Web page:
Surface Phenomena Measurements and Experimental Procedures in 4000 lb HBX-1 Shallow Underwater Explosion Tests (Project Heat)

- U Willey
- R L Phillips

59th Symposium on Shock and Vibrations, Albuquerque, New Mexico, pp. 209-236. (U) Willey, R. L. and Phillips, D.E. (1968). Surface Phenomena Measurements and Experimental Procedures in 4000 lb HBX-1 Shallow Underwater Explosion Tests (Project Heat). U.S

Experimental Investigations of Cavitation Bubble Collapse in the Neighbourhood of a Solid Boundary The Principle of Superposition Applied to the Theory of Cauchy-Poisson II-V, 1-28, DAASA No. DA-49-146-XZ-151 Explosion Generated Water Waves, Eighth Symposium of Naval Hydrodynamics

- U Lauterborn
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(U) Lauterborn, W. and H. Bolle (1975). Experimental Investigations of Cavitation Bubble Collapse in the Neighbourhood of a Solid Boundary. J. Fluid Mech. 72, 391-399. (U) Le Mehaute, B. (1963). The Principle of Superposition Applied to the Theory of Cauchy-Poisson, Vol.. II-V, 1-28, DAASA No. DA-49-146-XZ-151. (U) Le Mehaute, B. (1970). Explosion Generated Water Waves, Eighth Symposium of Naval Hydrodynamics, Pasadena, CA., ONR, pp. 71-91. (U) Le Mehaute, B. (1971). Explosion-Generated Water Waves, Advances in Hydrosciences, Academic Press, New York. (U) Le Mehaute, B. (1976). An Introduction to Hydrodynamics and Water Waves, Springer-Verlag

On the Cauchy-Poisson Waves Caused by the Eruption of a Submarine Volcano, Paper I. Oceanographical Magazine (Japan On the Cauchy-Poisson Waves Caused by the Eruption of a Submarine Volcano, Paper II On the Cauchy-Poisson Waves Caused by the Eruption of a Submarine Volcano, Paper III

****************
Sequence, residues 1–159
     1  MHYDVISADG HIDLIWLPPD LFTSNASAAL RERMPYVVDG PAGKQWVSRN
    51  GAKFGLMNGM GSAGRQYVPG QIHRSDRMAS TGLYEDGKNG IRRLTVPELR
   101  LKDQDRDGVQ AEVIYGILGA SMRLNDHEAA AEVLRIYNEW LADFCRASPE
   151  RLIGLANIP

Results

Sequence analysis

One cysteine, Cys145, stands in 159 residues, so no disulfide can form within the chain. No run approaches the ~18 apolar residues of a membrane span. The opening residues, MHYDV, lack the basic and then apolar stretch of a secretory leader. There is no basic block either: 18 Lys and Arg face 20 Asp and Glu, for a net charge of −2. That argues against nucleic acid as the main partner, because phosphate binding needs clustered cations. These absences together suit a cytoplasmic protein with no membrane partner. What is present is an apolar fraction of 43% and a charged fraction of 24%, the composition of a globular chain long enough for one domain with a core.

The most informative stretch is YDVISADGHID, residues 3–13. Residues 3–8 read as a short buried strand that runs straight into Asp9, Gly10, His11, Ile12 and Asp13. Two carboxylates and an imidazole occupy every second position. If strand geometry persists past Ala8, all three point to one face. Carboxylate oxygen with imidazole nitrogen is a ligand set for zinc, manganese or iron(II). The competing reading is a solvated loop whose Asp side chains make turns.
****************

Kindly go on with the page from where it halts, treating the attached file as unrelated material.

- U Unoki
- M Nakanou
- S Unoki
- M Nakano

(C5) pp 7989-7997. (U) Unoki, S. and M. Nakano (1953a). On the Cauchy-Poisson Waves Caused by the Eruption of a Submarine Volcano, Paper I. Oceanographical Magazine (Japan), 4(4), pp. 119-141. (U) Unoki, S. and M. Nakano (1953b). On the Cauchy-Poisson Waves Caused by the Eruption of a Submarine Volcano, Paper II. Oceanographical Magazine (Japan), Vol. 5(1), pp. 1-13. (U) Unoki, S. and M. Nakano (1953c). On the Cauchy-Poisson Waves Caused by the Eruption of a Submarine Volcano, Paper III. Met. Res. Inst. Papers in Met. and Geophys., Vol. 4(3-4), pp

Bureau of Standards Circular, 521 Transient Axisymmetric Motion of a Floating Cylinder

- Nat

Nat. Bureau of Standards Circular, 521. pp. 95-108. (U) Newman, J.N. (1985). Transient Axisymmetric Motion of a Floating Cylinder. J. Fluid Mech

Techn. Univ. of Denmark, paper No B-3 Surface Waves Resulting from Explosions in Deep Water Army Engineers Waterways Experiment Station Long Waves on Beach

- U Pace
- R W Whalin
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Symposium on Description and Modelling of Directional Seas. June 18-20. Techn. Univ. of Denmark, paper No B-3. (U) Pace, C.E., R. W. Whalin and J.N. Strange, (1970). Surface Waves Resulting from Explosions in Deep Water. Tech. report No. 647, Report 5, U.S. Army Engineers Waterways Experiment Station, Vicksburg, MS. (U) Peregrine, D.H. (1967). Long Waves on Beach. J. Fluid Mech. 27, 815-827. (U) Pinkston, J.M. Jr. (1964). Surface Waves Resulting from Explosions in Deep Water; Summary of Experimental Procedures and Results of Tests at WES Underwater Explosion Test Site

Oscillations Near the Water Surface Las Alamos Scientific Lab. Report, LA-4958 Numerical Modelling of Water Waves

- U Rmader
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5 38:351. (U) 366 rMader, C.L. (1972). Oscillations Near the Water Surface. Las Alamos Scientific Lab. Report, LA-4958. (U) Mader, C.L. (1988). Numerical Modelling of Water Waves. Univ. of Calif. Press, Berkely. (U) Madsen O.S., and W.D. Grant, (1976). Sediment Transport in the Coastal Environment, Tech

Also Shore Protection Manual CERC, US Army Corps of Engineers) A Finite Depth Wind Wave Model

- Pt

2, Pt. 2, (Also Shore Protection Manual, 1977, CERC, US Army Corps of Engineers). (U) Graber, H.C. and O.S. Madsen, (1988). A Finite Depth Wind Wave Model. J. ofPhys. Ocean